“Oh!” Francesca squeaked. She had never had any interaction with a human child before and was quite surprised at the girl’s strength. She was already extending a pudgy finger toward a row of clear jars holding various items floating in liquid.
“What’s that?” she asked, jabbing her finger at a jar of what looked to be eye balls floating in a swirling yellow-tinged liquid.
Peregrin moved swiftly to his wall of merchandise and pulled the child’s hand away.
“That, my dear,” he said silkily, “is my collection of elf eyes. They contain many magical properties, depending on their color and age.”
“You mean like Santa’s elves?” she asked, her brow furrowed in a look of horror.
“No, no, no child,” Peregrin muttered, shifting her toward where Francesca stood. “Everyone knows that Sinterklaas only employs Frisheid elves. They are much too expensive for a humble shop owner like myself.”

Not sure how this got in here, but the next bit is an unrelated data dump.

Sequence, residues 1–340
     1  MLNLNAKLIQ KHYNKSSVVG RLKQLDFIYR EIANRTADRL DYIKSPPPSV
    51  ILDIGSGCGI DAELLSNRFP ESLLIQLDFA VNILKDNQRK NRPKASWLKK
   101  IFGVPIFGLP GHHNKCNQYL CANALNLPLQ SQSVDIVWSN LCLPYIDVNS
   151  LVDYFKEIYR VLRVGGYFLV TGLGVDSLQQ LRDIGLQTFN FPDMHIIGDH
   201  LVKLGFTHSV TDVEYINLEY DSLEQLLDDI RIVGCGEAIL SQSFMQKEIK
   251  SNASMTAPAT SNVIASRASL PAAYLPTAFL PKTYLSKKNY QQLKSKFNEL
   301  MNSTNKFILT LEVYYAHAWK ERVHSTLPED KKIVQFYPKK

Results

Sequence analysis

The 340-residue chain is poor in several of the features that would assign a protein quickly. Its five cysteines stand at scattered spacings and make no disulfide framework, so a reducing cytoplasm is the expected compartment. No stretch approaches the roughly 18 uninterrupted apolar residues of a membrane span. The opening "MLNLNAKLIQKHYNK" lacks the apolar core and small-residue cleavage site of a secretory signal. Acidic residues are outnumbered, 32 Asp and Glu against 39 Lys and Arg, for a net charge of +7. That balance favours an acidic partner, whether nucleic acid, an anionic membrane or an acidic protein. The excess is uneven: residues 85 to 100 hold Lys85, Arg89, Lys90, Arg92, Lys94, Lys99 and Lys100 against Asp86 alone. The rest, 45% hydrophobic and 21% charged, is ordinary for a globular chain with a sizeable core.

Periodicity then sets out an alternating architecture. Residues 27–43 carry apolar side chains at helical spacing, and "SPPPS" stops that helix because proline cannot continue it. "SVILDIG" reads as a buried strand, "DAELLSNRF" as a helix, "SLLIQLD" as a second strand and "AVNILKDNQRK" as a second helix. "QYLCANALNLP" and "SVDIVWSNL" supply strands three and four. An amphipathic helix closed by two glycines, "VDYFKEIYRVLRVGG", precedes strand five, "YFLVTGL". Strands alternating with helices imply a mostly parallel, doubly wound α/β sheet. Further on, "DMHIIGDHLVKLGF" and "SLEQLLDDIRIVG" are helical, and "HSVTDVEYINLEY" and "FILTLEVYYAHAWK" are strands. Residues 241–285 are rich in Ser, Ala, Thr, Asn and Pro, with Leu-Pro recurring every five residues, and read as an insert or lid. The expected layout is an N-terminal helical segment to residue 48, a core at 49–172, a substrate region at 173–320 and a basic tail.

Peregrin guided the child over to where Francesca was hovering anxiously by the door.
“I’m so sorry, Peregrin,” she said, taking the girl’s hand again in hers.
“No worries,” he replied, but he continued to watch the girl warily, as though she may cause a catastrophe in his shop merely by standing there.
“Peregrin, this is…” Francesca stopped in mid-introduction. “Wait, that’s funny. I don’t know your name, child.”
The girl looked up at her with large brown eyes. “My name is Shu-Lin,” she said. “Is this where we sell my tooth?”
“Goodness!” cried Peregrin. “Aren’t you a smart one!” He then appraised the girl with an even brighter gleam in his eyes.
“My friend Nahla says the tooth fairy builds her castle with our teeth, but Bobby says that’s stupid, why would a fairy build a castle out of teeth. And Lilly says the tooth fairy isn’t real ‘cause she saw her mamma putting a quarter under her pillow one night, and I told her that the tooth fairy IS real and I was right!”
“You were right, indeed!” Peregrin exclaimed, placing a withered hand on Shu-Lin’s shoulder. “Now, shall we look at this tooth of yours?”
Francesca pulled the tiny tooth from the pouch on her belt. She held it out to the older fairy to inspect. He pulled a pair of pince-nez from his breast pocket and placed the spectacles onto his nose. Shu-Lin giggled when she saw how enlarged the fairy’s eyes appeared through the lenses.